The History Of Antique World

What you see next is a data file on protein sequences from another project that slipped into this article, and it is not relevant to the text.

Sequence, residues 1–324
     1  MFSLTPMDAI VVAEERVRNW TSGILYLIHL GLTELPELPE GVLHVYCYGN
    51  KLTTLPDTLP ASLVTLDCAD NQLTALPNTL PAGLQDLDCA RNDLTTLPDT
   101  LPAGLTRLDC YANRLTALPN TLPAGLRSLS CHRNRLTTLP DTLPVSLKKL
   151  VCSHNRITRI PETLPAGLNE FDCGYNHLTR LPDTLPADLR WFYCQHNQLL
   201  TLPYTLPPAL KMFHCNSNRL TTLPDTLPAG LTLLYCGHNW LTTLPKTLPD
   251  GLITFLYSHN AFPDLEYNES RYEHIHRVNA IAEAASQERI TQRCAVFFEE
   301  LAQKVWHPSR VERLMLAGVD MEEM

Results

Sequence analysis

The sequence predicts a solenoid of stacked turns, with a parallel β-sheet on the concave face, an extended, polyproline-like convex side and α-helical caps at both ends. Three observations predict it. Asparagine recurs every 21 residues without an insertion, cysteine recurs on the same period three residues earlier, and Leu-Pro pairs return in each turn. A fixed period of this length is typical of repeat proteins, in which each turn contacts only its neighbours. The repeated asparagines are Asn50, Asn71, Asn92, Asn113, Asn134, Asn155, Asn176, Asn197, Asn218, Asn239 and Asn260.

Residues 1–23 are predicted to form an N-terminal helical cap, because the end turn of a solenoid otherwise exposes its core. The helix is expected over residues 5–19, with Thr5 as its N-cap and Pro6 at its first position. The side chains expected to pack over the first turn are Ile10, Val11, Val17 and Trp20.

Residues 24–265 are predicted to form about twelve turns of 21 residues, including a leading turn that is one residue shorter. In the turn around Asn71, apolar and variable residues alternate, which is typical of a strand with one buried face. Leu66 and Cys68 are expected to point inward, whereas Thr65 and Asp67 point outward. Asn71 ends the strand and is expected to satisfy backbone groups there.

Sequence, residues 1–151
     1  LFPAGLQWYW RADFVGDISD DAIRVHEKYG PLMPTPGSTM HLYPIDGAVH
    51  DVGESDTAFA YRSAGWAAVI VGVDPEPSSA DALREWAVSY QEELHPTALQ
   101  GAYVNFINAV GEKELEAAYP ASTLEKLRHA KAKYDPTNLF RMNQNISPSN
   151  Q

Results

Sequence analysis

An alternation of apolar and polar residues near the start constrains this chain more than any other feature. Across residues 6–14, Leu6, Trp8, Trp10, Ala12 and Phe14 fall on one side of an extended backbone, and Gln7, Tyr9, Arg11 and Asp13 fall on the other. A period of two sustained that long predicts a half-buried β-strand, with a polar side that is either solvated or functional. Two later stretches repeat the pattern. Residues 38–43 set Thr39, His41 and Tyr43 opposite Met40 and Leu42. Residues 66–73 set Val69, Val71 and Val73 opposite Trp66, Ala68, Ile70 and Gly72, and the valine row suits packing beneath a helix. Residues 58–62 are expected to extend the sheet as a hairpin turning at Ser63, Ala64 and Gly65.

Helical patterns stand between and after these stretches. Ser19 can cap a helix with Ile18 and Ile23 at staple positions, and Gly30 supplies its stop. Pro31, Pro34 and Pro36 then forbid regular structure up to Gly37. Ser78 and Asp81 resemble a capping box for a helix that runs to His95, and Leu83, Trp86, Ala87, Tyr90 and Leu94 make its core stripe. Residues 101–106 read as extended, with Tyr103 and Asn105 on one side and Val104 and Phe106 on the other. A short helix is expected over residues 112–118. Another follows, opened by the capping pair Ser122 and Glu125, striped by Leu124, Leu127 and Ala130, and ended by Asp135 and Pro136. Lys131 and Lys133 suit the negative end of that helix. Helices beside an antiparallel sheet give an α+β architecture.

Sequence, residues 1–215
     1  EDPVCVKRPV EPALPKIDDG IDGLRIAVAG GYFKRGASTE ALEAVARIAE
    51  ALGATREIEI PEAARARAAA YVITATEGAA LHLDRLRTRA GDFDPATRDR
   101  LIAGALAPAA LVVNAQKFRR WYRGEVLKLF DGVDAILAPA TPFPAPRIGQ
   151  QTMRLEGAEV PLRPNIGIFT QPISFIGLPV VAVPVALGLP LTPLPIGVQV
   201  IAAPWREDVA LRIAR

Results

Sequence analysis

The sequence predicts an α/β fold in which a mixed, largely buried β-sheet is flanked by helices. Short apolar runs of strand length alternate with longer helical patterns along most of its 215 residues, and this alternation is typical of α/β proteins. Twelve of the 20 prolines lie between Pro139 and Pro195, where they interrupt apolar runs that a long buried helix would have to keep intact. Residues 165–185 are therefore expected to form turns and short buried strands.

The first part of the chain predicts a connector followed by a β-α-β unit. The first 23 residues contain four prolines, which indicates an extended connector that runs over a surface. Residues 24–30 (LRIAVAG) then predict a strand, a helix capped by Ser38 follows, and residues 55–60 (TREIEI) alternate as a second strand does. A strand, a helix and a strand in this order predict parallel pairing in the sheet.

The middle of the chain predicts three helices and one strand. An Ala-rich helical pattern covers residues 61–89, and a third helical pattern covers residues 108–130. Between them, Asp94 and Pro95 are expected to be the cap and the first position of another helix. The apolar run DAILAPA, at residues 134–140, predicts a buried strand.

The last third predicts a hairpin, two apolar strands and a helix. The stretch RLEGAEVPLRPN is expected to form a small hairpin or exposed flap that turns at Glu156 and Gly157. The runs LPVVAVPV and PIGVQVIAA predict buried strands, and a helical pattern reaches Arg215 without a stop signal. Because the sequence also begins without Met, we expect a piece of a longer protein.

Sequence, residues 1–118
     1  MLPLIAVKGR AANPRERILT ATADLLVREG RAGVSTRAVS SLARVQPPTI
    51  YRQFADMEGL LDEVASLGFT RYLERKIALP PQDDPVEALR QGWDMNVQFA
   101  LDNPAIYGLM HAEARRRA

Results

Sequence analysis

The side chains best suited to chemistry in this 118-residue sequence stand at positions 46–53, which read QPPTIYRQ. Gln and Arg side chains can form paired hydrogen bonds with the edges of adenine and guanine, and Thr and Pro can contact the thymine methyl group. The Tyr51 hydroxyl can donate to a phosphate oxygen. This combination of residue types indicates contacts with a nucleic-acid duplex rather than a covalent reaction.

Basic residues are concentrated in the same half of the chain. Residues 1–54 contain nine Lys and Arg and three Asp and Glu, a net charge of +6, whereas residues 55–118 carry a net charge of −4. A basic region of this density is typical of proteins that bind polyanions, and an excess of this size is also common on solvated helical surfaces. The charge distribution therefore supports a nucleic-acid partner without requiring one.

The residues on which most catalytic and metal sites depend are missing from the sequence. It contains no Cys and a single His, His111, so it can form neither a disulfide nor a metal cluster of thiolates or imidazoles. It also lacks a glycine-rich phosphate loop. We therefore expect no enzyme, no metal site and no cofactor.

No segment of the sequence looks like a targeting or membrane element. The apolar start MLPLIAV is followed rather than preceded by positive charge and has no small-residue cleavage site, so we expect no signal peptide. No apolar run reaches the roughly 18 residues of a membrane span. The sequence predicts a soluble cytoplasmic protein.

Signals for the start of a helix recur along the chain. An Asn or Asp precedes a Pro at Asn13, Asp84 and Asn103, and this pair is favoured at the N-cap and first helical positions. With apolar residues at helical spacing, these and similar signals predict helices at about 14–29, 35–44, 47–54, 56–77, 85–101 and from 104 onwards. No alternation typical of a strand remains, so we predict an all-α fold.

Since antiquity we have tried to make sense of the world around us and it is this drive to understand and document our environment has given rise to one of arts’ least appreciated gems – antique maps and cartography. Although today we are used to maps as dry, functional things that we occasionally reach for when lost, it was only a few centuries ago that they .manded the attention and wonder normally reserved for great works of art. Origins Until relatively recently our curiosity of the world around us outpaced our knowledge of geography. Early attempts at extending this knowledge were limited to oral tradition and based squarely on what people could see for themselves. This knowledge of a landscape and local environment, often .bined with lore and myth, helped create living maps .municated from person to person and generation to generation. The need for more reliable methods of .municating this local knowledge led to the development of topographical maps. These captured the salient elements of a terrain to more reliably record and pass on knowledge. These early maps tended to concentrate on the relationships between obvious topographical features, with little attention paid to true measurement or accuracy. However these early attempts were successful in that they stored knowledge for future generations and, although inaccurate by the standards employed today, it did standardize the kind of knowledge passed between generations and helped sow the seeds for early cartography. They also offer historians a unique glimpse into the lives and preoccupations of these primitive societies. Early maps Some of the oldest known maps date from 5000 BCE, however it wasn’t until the development of geometry around 2500 years later that we begin to see maps that attempt to describe spatial relationships accurately. The ancient Egyptians used maps around this time to plot areas around the Nile which, because of flooding, rendered landmarks unusable at certain times of the year. Ancient Greece did much to refine and develop cartography into the science we know today. Greek astronomer Ptolemy is the most famous example from this time, and his important work Geographia survived relatively intact through time. Although the maps are inaccurate by today’s standards they did set in motion the beginnings of cartography, and placed importance on accurate observation to make sense of the world around us. Later Maps and Modern Cartography The Middle Ages were a period of relatively poor development in terms of maps. The stress was on maps that emphasized religious bias, often depicting Jerusalem as the center of the world. However, the end of the Medieval period saw the beginning of cartography’s rise as both a science and an art, .manding equal attention for both. By the 16th century the world’s great powers .peted to dominate the globe and the need for accurate charts and maps grew. This gave rise to the role of cartography, often draftsmen working for navies to give life to the hard earned knowledge from seafaring nations like the Dutch and British. Although initially fulfilling a technical need the role of the cartographer soon developed along similar lines to other crafts. By the 17th century skilled cartographers were in great demand. This recognition of the profession soon gave rise to professional cartographers who took cartography from drawing functional charts to creating unique works of art. Many maps from this period were embellished with decorative elements, such as sea monsters and mythical creatures. At this time maps were designed not just for functionality but also to attract buyers. Their rich detail and artistic expression added much to their value, both as working tools and as desirable objects. The increasing use of maps at this time also helped usher in the enlightenment, a direct descendant of cartographies’ need for accurate, scientific measurement. The increasing availability of good quality maps demonstrated humanities ability to make sense of their world and, to a certain extent, gain some control over it. A Distinguished History The development of charts and maps has echoed our desire to make sense of our world, as well as providing an insight into the knowledge possessed by humans at different times throughout history. The history of antique maps reflects our growing confidence and awareness of the finite nature of the world and, although it is something we now take for granted, its history demonstrates its central importance. Copyright The Tapestry House, all rights reserved. This is Free-Reprint article from The Tapestry House. Our terms are: Please leave copyright statement intact Please publish author info including links Please do not use the article in unsolicited emails Please keep all links intact and "as is" – no embedded keyword advertising You can contact us at 相关的主题文章: